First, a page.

Five held after Chinese authorities spot something fishy in ‘electrofishing’ video
Three men and two women detained after footage that appears to show illegal technique being used circulates online
Five people in southwest China have been arrested after a video showing what appeared to be the controversial practice of electrofishing was posted online.
Electrofishing involves sending an electric current into the water, which would temporarily stun and impair any fish swimming within range.
The incident took place in Sichuan province’s Hanyuan Lake, which covers 84 square kilometres, according to a report from Chengdu Commercial Daily on Sunday.
In the video, a man who was standing at the front of a fishing vessel was seen lowering a net into the water, which was then used to scoop up waves of fish that were seen floating to the surface. The boat was also carrying a mysterious bright yellow box with wires attached to the handle of the net.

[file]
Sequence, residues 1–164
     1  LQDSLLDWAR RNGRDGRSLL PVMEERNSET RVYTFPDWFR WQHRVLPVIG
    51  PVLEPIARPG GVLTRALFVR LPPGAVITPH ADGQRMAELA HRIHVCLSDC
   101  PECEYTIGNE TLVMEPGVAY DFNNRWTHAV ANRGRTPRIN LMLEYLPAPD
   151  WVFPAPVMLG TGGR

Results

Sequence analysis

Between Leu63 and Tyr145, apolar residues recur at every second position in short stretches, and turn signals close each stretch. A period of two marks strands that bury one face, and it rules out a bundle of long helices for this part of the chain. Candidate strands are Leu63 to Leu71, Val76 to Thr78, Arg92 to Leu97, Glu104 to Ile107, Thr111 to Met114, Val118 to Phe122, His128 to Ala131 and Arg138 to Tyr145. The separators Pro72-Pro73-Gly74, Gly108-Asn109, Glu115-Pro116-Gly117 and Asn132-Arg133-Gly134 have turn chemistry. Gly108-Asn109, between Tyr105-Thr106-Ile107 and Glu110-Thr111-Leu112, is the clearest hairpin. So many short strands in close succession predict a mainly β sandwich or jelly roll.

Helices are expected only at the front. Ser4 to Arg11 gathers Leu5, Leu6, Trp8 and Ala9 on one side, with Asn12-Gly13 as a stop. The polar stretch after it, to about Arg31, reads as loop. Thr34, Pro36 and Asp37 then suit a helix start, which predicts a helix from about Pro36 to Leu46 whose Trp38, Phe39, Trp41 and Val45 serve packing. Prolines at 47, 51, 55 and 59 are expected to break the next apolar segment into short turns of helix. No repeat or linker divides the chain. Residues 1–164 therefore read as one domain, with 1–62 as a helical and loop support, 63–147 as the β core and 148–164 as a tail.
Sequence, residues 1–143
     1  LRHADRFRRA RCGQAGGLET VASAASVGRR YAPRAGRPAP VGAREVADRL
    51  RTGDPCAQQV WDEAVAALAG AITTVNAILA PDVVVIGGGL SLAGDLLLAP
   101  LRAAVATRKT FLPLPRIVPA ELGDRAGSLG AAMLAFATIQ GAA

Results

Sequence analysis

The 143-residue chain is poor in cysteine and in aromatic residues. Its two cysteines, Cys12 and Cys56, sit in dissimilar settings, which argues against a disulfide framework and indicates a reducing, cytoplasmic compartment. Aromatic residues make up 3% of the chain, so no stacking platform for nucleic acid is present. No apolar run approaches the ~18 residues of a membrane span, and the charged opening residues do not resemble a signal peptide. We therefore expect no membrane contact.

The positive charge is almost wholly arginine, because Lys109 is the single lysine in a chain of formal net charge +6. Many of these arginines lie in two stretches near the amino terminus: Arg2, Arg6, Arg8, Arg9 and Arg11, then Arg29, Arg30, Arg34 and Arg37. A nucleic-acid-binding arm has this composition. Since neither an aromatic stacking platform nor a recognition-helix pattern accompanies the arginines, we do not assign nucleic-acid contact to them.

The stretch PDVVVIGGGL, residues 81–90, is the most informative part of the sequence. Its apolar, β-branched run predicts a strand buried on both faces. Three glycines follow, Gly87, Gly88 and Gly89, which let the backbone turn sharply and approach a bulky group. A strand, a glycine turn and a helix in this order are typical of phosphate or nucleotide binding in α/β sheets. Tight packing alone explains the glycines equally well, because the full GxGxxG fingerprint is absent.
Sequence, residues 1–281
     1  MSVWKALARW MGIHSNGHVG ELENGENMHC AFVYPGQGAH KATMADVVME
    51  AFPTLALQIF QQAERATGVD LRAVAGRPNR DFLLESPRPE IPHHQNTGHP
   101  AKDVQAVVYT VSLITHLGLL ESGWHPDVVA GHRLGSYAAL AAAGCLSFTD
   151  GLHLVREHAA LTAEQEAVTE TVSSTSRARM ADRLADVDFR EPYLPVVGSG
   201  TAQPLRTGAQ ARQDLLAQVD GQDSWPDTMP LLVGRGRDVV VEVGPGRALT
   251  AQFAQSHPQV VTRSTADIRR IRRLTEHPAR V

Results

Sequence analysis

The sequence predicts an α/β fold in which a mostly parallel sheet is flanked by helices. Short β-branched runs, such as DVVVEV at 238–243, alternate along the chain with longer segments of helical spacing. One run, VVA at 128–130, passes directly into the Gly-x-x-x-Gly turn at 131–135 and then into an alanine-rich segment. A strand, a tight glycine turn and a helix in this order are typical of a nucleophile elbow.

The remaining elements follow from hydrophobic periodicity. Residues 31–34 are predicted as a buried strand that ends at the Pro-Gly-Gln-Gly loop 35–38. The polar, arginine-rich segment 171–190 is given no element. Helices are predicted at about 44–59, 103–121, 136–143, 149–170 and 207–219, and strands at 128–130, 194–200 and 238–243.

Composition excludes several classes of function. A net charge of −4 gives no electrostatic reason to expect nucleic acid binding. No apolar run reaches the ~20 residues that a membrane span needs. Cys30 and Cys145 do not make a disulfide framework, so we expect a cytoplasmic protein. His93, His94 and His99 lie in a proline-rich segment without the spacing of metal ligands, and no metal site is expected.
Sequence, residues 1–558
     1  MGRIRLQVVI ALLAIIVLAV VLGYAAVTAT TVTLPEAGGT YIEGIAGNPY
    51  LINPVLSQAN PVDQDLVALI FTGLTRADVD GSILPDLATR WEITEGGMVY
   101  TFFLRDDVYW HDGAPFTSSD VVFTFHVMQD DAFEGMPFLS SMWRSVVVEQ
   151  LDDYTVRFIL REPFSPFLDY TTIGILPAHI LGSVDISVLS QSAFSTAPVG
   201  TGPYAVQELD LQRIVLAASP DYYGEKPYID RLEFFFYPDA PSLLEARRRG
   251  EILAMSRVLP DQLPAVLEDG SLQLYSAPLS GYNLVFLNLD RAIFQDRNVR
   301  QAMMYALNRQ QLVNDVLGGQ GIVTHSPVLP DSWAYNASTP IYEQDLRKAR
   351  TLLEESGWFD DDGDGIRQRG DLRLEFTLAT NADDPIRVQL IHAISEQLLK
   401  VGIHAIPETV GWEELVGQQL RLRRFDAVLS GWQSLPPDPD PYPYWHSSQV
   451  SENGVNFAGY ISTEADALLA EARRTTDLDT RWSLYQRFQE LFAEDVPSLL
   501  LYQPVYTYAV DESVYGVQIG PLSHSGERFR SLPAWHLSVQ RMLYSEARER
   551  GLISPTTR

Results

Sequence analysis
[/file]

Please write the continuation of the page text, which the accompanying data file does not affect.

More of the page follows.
None of the people in the boat was seen wearing safety gear apart from rubber boots.
They then throw their catch into the middle section of the boat, which was already filled with fish.
The newspaper reported that three men and two women were arrested following the incident on Friday, and their catch included sharpbelly, carp and scorpion fish.
The video generated a lively debate on the Weibo social network, with one user saying: “I know that they can sell one kilogramme of fish at 40 yuan (US$6) to neighbouring restaurants in that area, and a boat like this could catch up to one tonne of fish per day, it’s quite a lot.”
Another user on China’s biggest microblogging platform, whose comment was liked over a hundred times, said it is “very cruel and also dangerous for the catchers” to electrify fish this way.
However other comments said the case was “nothing special” and it was an efficient method of catching fish.
Although the Chinese law has made electrofishing illegal, there has been an ongoing debate in the fishing industry worldwide on whether it is actually more damaging for the environment than traditional beam trawling methods.
There have been attempts to allow commercial fishing crews to use the technique in some parts of the world.
In the North Sea, for example, the devolved Scottish Government has been given an exemption from a European Union ban to allow clam fishermen to use electrofishing in a trial scheme.